Cultivating yogurt culture

Innovations, including Greek yogurt, packaging and digital media are spurring consumer interest.

Dairy products continue to play a bigger role in the American diet. As they do, consumers are demanding high-quality, all-natural products that have only a few key ingredients. Based on these attributes, it is not surprising that industry observers are calling yogurt the food trend of the decade.

This is an impressive accolade when considering the evolution of yogurt consumption. Historically yogurt has been consumed primarily by those who used it on a daily basis; including consumers that also use yogurt as a milk alternative.

FAGE USA, based in Johnstown, N.Y., is responding to this demand with its FAGE Total Greek yogurt line. Company officials say more consumers are reaching for Total, which is available in whole, 2% or fat-free versions, as an alternative for milk with their breakfast cereal, as well as a replacement for certain dairy products such as sour cream, mayonnaise and cream cheese. As more shoppers incorporate yogurt into their well-being regime, they are more demanding than ever.

“Consumers in America are moving away from the typical style of American yogurt filled with artificial colors, fillers and sugar,” says Russell Evans, director of marketing for FAGE USA.

Then there is the episodic consumer. This consumer may be starting a diet and eager to change all consumption and buying habits. Observers say this is when yogurt becomes part of consumers’ everyday food staples.

“However, these shoppers’ buying patterns are always changing,” says Michael Neuwirth, spokesman for Dannon Co., a White Plains, N.Y.-based division of Danone. “There are also 85% of households that infrequently or never purchase yogurt. That means this is a great opportunity for the category.”

No matter the type of shopper, it seems purchases are leaning toward more natural or organic options, which puts additional pressure on manufacturers. “Companies that claim their yogurt consists of natural ingredients had better stick to that path,” says Kyle O’Brien, executive vice president of sales for Chobani, a brand manufactured by Argo Farma, based in Norwich, N.Y. “When you add ingredients, you are altering the flavor and not sticking to the true natural message.”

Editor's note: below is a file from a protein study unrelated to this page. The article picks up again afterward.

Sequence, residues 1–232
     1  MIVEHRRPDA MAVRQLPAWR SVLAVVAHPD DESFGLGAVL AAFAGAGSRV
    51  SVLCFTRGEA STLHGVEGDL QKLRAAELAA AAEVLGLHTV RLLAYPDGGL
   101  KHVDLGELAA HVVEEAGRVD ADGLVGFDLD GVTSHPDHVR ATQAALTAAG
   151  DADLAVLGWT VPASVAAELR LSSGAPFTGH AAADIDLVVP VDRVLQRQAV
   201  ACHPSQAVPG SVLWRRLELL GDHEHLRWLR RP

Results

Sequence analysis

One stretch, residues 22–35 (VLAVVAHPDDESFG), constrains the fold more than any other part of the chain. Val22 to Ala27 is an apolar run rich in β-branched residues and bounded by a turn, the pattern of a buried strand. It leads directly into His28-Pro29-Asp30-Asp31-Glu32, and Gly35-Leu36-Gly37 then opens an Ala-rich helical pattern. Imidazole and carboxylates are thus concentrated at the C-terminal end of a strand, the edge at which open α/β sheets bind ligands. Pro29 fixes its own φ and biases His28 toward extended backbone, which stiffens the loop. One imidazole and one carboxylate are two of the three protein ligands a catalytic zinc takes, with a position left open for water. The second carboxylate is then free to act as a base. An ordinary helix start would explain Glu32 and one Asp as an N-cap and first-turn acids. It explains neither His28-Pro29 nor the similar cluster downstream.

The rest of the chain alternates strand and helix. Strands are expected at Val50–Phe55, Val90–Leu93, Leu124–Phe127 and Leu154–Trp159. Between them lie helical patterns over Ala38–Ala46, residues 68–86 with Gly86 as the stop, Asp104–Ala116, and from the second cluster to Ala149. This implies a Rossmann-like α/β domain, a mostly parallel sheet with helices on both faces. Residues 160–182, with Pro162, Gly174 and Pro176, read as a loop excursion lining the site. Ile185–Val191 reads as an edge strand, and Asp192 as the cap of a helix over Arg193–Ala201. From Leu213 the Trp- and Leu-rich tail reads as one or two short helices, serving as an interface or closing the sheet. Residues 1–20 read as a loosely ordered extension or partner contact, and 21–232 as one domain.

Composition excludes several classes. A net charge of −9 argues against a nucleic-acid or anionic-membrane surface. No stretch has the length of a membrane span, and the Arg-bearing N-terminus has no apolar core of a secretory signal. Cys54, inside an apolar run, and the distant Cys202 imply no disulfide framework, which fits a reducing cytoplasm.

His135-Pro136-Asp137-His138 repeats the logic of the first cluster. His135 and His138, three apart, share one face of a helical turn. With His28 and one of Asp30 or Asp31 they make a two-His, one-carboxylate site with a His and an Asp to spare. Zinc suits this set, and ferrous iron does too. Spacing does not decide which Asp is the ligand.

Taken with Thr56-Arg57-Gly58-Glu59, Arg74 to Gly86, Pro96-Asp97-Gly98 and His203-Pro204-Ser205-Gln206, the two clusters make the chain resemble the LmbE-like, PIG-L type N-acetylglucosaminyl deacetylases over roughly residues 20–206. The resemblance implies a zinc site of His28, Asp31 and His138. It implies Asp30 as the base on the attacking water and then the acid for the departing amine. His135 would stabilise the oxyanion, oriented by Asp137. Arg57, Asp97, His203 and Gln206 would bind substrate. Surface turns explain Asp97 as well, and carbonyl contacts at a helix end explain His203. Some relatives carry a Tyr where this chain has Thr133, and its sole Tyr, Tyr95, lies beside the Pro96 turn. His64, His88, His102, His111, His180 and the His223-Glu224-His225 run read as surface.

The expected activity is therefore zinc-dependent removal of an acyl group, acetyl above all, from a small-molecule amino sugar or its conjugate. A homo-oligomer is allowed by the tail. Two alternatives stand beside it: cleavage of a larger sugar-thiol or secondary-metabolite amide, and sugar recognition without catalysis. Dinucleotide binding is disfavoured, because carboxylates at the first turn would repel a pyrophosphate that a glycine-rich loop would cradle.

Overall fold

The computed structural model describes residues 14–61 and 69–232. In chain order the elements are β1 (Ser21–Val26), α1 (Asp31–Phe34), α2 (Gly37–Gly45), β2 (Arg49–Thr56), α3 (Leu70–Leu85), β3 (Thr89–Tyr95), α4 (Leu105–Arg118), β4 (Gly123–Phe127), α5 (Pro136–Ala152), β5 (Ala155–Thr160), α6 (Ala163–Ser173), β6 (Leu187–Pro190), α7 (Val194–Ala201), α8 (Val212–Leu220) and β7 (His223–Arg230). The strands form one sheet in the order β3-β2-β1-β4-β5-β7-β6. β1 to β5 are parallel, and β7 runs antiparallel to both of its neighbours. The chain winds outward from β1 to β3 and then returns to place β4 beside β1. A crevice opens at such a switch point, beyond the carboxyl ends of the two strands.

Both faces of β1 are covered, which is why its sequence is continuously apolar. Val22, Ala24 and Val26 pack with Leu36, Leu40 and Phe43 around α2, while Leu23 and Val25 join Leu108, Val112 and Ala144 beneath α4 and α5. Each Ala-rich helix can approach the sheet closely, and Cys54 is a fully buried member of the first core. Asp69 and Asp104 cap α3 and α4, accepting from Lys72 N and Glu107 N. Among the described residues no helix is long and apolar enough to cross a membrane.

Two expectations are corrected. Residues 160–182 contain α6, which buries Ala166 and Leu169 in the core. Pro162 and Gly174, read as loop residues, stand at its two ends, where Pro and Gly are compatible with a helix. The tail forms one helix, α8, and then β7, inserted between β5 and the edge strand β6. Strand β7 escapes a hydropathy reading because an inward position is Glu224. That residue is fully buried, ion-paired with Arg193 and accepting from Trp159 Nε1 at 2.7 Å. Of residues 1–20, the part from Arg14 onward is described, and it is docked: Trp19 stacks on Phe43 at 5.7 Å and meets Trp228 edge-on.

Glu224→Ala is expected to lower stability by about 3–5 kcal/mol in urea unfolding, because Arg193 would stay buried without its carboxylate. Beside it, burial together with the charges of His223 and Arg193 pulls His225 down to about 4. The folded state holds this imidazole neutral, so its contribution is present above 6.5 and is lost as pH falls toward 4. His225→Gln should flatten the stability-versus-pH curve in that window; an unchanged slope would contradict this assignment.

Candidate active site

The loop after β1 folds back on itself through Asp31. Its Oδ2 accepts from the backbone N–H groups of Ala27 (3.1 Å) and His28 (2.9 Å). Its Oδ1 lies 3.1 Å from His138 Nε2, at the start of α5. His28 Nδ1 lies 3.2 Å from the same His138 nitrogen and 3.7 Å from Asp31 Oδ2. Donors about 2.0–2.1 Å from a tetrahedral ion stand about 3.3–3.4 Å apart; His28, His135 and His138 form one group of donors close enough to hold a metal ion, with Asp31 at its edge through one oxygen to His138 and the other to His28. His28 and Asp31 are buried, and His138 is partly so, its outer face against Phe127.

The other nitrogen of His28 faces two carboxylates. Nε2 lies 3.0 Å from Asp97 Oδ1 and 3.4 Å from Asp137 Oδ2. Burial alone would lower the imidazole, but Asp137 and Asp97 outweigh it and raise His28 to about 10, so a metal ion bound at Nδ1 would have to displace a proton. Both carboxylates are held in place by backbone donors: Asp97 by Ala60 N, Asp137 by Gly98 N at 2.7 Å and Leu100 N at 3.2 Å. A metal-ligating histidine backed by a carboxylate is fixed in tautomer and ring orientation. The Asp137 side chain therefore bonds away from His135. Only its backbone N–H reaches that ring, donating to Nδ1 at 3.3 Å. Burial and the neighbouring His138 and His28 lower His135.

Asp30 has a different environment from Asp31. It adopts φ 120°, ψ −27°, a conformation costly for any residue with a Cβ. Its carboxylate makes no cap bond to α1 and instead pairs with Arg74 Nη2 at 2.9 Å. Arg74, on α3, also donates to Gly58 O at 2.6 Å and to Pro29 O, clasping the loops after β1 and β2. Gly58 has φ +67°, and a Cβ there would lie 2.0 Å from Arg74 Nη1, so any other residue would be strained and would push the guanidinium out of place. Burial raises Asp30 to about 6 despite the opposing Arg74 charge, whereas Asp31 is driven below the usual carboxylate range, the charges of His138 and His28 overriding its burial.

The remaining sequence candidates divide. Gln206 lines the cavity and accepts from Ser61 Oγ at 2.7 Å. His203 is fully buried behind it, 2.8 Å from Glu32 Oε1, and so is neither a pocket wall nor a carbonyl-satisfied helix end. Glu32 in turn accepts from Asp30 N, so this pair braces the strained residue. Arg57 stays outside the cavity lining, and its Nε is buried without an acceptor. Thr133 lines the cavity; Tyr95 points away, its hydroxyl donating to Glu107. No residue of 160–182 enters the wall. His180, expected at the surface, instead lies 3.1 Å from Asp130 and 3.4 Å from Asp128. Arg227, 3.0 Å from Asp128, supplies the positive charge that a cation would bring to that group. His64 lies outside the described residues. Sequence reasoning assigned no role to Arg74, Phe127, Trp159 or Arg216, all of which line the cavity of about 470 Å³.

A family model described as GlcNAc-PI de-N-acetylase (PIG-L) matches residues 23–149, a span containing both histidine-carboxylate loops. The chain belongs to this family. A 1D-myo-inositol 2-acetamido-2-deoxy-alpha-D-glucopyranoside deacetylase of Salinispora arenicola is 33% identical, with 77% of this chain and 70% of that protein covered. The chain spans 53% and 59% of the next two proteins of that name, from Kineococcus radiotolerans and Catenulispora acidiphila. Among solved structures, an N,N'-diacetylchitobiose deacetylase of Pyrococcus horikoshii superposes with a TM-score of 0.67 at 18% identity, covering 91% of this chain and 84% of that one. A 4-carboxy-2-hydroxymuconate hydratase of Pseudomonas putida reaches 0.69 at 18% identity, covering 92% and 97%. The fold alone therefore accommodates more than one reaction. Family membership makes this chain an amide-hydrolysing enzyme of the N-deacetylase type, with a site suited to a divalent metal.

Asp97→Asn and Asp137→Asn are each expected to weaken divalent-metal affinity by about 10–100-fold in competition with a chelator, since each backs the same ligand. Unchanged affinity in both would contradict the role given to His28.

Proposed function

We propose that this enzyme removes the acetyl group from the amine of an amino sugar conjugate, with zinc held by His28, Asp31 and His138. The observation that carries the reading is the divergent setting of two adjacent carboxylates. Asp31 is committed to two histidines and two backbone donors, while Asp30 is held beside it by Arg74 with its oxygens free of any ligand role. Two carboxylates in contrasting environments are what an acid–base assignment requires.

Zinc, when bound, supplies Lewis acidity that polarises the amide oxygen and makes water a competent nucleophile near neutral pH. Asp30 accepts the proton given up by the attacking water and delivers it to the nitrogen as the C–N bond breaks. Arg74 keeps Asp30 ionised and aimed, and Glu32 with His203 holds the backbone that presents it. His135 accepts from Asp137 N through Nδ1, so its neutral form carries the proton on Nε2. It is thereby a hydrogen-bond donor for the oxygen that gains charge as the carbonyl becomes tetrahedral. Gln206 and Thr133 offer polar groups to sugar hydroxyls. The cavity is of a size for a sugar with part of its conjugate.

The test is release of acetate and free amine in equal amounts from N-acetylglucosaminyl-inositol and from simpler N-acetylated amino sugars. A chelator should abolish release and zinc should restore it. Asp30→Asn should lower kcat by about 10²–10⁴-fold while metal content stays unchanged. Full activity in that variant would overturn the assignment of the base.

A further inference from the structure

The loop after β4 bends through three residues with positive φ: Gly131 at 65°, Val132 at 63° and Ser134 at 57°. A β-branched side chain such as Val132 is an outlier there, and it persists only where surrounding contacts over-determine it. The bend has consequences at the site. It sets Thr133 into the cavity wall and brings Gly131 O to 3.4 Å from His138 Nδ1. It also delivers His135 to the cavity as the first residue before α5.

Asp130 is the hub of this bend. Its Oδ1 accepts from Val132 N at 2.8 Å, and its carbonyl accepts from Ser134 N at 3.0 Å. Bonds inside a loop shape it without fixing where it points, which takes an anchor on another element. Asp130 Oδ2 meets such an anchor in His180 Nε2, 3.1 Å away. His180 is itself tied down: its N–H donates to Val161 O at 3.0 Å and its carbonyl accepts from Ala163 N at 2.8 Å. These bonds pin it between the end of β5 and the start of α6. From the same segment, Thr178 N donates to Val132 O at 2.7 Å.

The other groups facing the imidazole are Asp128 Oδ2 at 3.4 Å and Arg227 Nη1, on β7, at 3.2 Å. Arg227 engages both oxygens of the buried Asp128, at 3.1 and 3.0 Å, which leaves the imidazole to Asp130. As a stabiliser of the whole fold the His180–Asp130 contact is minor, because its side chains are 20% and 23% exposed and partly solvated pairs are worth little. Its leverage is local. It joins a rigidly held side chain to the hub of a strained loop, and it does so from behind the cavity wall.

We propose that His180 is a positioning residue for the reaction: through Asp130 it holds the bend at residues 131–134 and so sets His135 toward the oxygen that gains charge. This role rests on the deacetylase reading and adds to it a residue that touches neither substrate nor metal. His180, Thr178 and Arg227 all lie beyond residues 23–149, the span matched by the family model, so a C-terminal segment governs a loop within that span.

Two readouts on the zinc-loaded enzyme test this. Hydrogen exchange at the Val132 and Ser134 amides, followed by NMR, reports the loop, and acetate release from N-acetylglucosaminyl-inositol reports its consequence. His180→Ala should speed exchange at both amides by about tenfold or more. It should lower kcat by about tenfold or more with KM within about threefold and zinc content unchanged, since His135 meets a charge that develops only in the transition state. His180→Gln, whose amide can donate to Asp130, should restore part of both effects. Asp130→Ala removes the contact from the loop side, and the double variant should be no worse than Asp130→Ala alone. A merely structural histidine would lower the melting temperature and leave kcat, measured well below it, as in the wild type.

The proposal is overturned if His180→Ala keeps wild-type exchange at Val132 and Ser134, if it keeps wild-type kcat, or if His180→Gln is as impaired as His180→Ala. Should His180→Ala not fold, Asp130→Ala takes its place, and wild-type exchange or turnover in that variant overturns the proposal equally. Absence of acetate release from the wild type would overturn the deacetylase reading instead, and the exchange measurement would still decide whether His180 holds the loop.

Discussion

Consumers also expect yogurt options to be healthy and nutritious, and they keep a keen eye on new introductions that will keep their daily diets and consumption interesting. By focusing on these trends, suppliers are primed to deliver more innovative product that will appeal to fickle shoppers. FAGE keeps innovation at the core of its business, focusing first “on providing the highest quality and most innovative product possible to our consumers,” says Evans. “For example our new 0% raspberry, strawberry, blueberry and peach flavors are defiantly rich and creamy but surprisingly fat- free, and do not compromise on quality or taste.”

Observers say retailers have been quick to adapt and capitalize on changes in consumer behavior, particularly the speedy expansion of the Greek yogurt subcategory. While more consumers are adding the tart-tasting yogurt to their shopping lists, consumption in the U.S. still remains only a fraction of consumption in Europe.

“Greek yogurt has tremendous potential, and we are seeing extraordinary growth in all regions of the country,” says Evans.

As popularity continues to grow, consumers have been adopting the taste and versatility of Greek yogurt. In its simplest terms, Greek yogurt is described as all-natural—containing no artificial sweeteners, flavors, colors or preservatives.

“Because of the straining process that removes excess water, dissolved salts and sugars, Greek yogurt has a naturally thick and creamy consistency that is low in calories, fat, cholesterol and sodium, but delivers high protein,” says Mary Kozanian, marketing assistant, Voskos Greek Yogurt, a brand produced by Sun Valley Dairy, based in Sun Valley, Calif.

Bringing its taste of Greece to American shoppers is Olympus Dairy USA. Created by Stergios ‘Sarantis near Mt. Olympus in 1965 under the TYRAS name, in 2009 the company, now based in Little Ferry, N.J., established its American roots. “While shoppers are looking for nutritional value, they are also intrigued by the fact that Greek yogurt, which is an integral part of the Mediterranean diet, can be a meal within itself,” says Nikos Nikolaou, the company’s operations manager. “People are looking for healthier alternatives, and we are satisfying that with our products that feature lots of protein, probiotics, organic elements and quality raw materials, including milk.”